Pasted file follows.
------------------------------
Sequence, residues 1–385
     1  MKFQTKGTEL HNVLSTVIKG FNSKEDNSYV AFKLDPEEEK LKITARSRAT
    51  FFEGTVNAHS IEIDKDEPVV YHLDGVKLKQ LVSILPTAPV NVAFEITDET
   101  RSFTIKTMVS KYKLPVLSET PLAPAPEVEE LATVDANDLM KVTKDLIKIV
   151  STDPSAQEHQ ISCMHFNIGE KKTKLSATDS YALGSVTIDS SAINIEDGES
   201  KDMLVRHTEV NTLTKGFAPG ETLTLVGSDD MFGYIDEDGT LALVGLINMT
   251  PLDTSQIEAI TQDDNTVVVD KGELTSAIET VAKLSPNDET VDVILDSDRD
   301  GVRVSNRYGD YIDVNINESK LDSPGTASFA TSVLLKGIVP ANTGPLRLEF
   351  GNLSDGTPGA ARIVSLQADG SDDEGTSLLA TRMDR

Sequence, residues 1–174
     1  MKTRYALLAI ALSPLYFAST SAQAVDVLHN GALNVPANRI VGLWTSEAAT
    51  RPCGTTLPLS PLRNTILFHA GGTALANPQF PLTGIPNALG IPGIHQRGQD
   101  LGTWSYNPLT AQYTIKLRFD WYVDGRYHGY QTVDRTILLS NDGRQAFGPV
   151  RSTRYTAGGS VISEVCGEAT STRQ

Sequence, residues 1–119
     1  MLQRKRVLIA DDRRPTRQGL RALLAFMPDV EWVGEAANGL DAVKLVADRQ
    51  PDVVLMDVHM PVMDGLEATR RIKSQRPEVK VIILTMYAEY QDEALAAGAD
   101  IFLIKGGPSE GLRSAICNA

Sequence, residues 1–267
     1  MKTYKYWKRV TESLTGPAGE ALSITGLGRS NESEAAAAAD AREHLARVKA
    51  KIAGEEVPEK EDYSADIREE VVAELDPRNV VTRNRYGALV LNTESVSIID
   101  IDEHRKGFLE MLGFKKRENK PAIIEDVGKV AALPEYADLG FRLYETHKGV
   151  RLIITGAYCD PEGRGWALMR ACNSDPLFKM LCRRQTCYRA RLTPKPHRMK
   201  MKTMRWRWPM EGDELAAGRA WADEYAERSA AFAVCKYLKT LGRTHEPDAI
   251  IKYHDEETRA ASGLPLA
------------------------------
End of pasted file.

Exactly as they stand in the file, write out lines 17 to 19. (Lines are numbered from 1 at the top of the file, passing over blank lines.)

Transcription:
    51  PDVVLMDVHM PVMDGLEATR RIKSQRPEVK VIILTMYAEY QDEALAAGAD
   101  IFLIKGGPSE GLRSAICNA

Sequence, residues 1–267